In an effort to be as practical as possible, increase the preservice teachers’ exposure to current best practices, and give them a starting set of resources for use in their future classrooms, we structured the course around the following trade books rather than a traditional science methods course textbook. Excluding Mindset, the bulk of the books are published by NSTA Press: Even More Picture-Perfect Science Lessons, NSTA Quick Reference Guide to the NGSS, and Science Formative Assessment Volume 1. To expose them to a great resource for brushing up on their science content, we also have them choose one of the following: Stop Faking It! Energy or Stop Faking It! Force & Motion. At first the students are surprised and concerned about the number and size of the books, but by the end of the semester they are grateful for the practical resources. Many of them even comment that they are actually going to keep the books from our course. In place of the course readings from a traditional science methods text, the preservice teachers read the introductory material from each of the trade books as well as supplementary articles, websites, and blogs that are relevant to each course topic (some of which are listed in the Internet Resources section).
To increase student interaction with the course reading material, we instituted reading accountability assignments. However, instead of doing quizzes or coming to class each day and beginning with discussion, we took this as an opportunity to engage the preservice teachers in literacy strategies that they could use in their future classrooms to help their students make meaning. These strategies included the Frayer model, paragraph shrinking, SQ3R, and many others. To further expose the preservice teachers to instructional methods, we committed to using a different instructional strategy or formative assessment during each course meeting period. By the end of the semester, the students had experienced a total of 24 literacy strategies and 28 instructional strategies. Many of these strategies are listed by name in Table 1 with their associated course topic. So the students might carry their favorite strategies into their future classrooms, we also have a courselong strategy portfolio assignment. In this assignment, the students create an electronic compilation of literacy strategies and formative assessments. They use a template provided by us that requires them to write step-by-step directions that are detailed enough that another teacher would be able to carry out the strategy, create a blackline master, and include student work examples. This is another example of an aspect of the course that at first the students do not appreciate, but in the course evaluations it is almost unanimously the most valuable assignment from the semester.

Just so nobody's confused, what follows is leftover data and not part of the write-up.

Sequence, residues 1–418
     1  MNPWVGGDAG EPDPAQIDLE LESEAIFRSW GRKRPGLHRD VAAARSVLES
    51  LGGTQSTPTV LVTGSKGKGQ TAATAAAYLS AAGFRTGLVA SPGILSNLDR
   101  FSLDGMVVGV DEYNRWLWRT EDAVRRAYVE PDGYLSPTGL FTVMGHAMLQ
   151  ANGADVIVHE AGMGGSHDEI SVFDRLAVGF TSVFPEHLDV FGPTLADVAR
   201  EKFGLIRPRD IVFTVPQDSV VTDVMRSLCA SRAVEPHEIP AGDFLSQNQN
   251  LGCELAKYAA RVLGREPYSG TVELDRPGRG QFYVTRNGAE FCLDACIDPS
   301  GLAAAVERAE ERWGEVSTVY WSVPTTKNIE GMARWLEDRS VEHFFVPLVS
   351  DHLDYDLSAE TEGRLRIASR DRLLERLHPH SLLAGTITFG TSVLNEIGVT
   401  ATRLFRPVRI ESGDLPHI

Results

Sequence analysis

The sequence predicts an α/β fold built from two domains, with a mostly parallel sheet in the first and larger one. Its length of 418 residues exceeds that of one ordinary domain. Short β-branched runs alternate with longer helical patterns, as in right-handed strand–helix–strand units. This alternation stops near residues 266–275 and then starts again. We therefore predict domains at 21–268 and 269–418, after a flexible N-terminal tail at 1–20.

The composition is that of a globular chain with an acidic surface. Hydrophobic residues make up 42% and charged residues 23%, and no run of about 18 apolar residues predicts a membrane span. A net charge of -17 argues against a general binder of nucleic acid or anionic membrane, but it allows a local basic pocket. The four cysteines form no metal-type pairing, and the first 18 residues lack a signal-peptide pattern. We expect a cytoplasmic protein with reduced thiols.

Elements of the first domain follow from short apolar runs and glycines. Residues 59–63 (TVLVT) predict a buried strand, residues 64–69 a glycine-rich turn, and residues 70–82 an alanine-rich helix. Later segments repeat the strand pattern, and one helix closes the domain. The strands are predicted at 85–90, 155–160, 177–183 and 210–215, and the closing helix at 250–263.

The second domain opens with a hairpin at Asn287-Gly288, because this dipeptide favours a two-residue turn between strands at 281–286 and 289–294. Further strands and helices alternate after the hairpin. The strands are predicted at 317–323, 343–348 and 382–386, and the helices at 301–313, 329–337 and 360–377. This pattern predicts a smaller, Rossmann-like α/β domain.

Our practical approach is especially important for the university students of today. They want to know how this applies to them and their future practice. Theory is important, but in our experience, unless the theory is presented within the context of concrete student learning, the preservice teachers of today do not internalize it. This is why we opted to have our preservice teachers actually do each activity and strategy that we discuss and why we committed to using an instructional strategy ourselves in the course every time we met.
Download a field trip–planning guide and descriptions of the strategies in the Supplemental Resources section at the top of the article.
Bybee, R.W., J.A. Taylor, A. Gardner, P.V. Scotter, J.C. Powell, A. Westbrook, and N. Landes. 2006. The BSCS 5E instructional model: Origins, effectiveness, and applications. Colorado Springs, CO: BSCS.
Dweck, C.S., 2016. Mindset: The new psychology of success. New York: Ballantine Books.
Keeley, P. 2016. Science formative assessment: Volume 1. Thousand Oaks, CA: Corwin.
Morgan, E., and K. Ansberry. 2013. Even more picture-perfect science lessons, K–5: Using children’s books to guide inquiry. Arlington, VA: NSTA Press.
NGSS Lead States. 2013. Next Generation Science Standards: For states, by states. Washington, DC: National Academies Press.
Willard, T., 2015. The NSTA quickreference guide to the NGSS: Elementary school. Arlington, VA: NSTA Press.